Moreover, while the percentage of stocks trading above their 200-DMA is at lofty levels and expressing that index ETFs are obviously in overbought territory, with price sitting one standard deviation or more above their 50-DMAs, there’s more to these overbought signals that bears defining/analysis. While these overbought conditions could typically be taken as a sign of potential near term downside afoot, taking a look under the hood reveals that things may not be as overbought as we might think.

Index ETFs are overbought, no doubt and sector ETF prices have become elevated relative to their 50-DMAs. But when we look within the sector ETFs, the same is not entirely true for the individual stocks of each sector. As shown in the charts below from Bespoke Investment Group, only a handful of sectors like Health Care and Consumer Staples currently have an elevated number of stocks above their 50-DMAs. Other sectors like Communication Services, Consumer Discretionary, Industrials, Materials, and Technology have seen other periods this year where a higher percentage of the sector’s stocks had been above the 50-DMA. As for the Utilities and Real Estate sectors, only 35.7% and 31.25%, respectively, of stocks are above their 50-DMAs.

That is notable in that for the two sectors, the readings are in the 12th and 6th percentiles of all days over the past year, respectively. This all means that while many stocks have participated in the rally, there are still plenty that could benefit from the technical catalyst of a break above the 50-DMA.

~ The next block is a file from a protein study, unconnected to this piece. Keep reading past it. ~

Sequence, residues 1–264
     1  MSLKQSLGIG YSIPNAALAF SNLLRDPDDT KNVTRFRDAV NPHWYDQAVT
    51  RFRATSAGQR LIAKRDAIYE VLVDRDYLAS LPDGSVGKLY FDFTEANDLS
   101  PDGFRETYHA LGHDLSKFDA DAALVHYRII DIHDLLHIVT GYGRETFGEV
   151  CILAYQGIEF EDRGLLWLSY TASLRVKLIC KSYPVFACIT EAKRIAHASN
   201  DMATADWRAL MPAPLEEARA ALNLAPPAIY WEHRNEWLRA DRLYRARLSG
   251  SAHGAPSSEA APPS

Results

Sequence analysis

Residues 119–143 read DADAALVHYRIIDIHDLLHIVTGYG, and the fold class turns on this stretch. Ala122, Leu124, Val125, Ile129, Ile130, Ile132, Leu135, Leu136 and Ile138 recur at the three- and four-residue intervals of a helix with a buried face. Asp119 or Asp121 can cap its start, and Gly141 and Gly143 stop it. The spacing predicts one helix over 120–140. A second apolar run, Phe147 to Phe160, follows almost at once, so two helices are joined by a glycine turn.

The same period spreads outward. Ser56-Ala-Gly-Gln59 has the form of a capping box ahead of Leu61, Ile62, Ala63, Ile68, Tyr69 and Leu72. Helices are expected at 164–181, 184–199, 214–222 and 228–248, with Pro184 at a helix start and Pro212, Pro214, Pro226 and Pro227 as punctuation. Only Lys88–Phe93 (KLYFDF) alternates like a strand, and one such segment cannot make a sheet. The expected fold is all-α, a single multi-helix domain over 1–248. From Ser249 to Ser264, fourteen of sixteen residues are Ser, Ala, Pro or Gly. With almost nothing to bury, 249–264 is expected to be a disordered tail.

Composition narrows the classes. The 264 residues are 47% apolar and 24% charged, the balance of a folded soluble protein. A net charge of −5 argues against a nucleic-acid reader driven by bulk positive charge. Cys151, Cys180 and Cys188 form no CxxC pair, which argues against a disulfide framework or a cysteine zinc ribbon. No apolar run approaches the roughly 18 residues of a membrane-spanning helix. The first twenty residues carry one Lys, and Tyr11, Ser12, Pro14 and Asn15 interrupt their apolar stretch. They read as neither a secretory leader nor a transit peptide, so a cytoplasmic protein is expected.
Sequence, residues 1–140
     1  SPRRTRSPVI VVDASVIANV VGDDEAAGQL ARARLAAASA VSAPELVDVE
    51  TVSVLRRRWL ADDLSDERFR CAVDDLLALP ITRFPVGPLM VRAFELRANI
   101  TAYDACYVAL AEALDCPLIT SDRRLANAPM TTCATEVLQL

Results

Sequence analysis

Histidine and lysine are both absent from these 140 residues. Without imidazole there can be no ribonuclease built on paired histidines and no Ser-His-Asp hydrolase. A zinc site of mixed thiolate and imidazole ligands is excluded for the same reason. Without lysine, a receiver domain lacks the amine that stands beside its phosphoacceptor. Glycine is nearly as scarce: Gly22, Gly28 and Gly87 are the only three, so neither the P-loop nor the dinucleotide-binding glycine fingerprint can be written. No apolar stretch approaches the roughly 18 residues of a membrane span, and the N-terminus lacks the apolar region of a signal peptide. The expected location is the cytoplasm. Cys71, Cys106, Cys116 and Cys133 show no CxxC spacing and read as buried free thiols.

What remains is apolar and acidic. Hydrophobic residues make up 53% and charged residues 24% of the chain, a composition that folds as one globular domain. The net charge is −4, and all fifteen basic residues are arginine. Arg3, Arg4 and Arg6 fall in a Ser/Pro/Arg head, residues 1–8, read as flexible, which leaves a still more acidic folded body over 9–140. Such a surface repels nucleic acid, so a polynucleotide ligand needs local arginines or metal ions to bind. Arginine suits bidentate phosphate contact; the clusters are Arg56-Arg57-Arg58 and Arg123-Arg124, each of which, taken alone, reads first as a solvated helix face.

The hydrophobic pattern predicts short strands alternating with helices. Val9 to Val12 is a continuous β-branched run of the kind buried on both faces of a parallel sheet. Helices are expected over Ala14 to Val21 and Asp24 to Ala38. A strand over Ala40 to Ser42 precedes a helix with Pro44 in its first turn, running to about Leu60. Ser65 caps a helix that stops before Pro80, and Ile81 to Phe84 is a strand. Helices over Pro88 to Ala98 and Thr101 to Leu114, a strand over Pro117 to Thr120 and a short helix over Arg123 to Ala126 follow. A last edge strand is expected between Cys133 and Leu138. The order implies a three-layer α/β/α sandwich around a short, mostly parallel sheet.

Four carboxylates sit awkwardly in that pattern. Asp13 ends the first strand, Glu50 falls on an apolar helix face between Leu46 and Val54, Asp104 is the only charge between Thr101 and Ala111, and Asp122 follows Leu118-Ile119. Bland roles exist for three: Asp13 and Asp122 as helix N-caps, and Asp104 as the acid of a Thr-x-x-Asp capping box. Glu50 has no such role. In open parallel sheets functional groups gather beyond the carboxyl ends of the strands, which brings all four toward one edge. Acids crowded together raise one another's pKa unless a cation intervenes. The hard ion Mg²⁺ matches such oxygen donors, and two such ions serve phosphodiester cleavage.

Now do you see why we outline that market breadth/internals are so vast and found with so much nuance that they prove a difficult leading indicator. What we can clearly say is that market breadth/internals are strong, but using them to actively track the probability of a drawdown for which to take action in one’s portfolio… better to simply understand the trend of market and earnings fundamentals and stick with the trend in our opinion. And with that, let’s look at some of the economic data releases from yesterday and be thankful there are none slated for release Wednesday, hahaha!

Housing Starts and Building Permits proved the strength in the housing sector has rolled forward and through the Q4 2019 period, as low rates have further provided a tailwind for the industry. Builders began construction on new homes in the U.S. at a pace of 1.37 million in November, the Commerce Department said Tuesday. This represented a 3.2% increase from a revised 1.32 million in October and was 13.6% higher than a year ago. Year-to-date, starts are up 0.6% compared to the same period in 2018.

Last year, in 2018, starts were strong early in the year, and then fell off in the 2nd half – so the comparison will be easy in December.

Meanwhile, permitting activity hit yet another post-recession high. Building permits for privately-owned housing units were authorized at a seasonally-adjusted rate of 1.48 million. That was 1.4% above the pace of 1.46 million set in October and 11.1% above last year’s rate.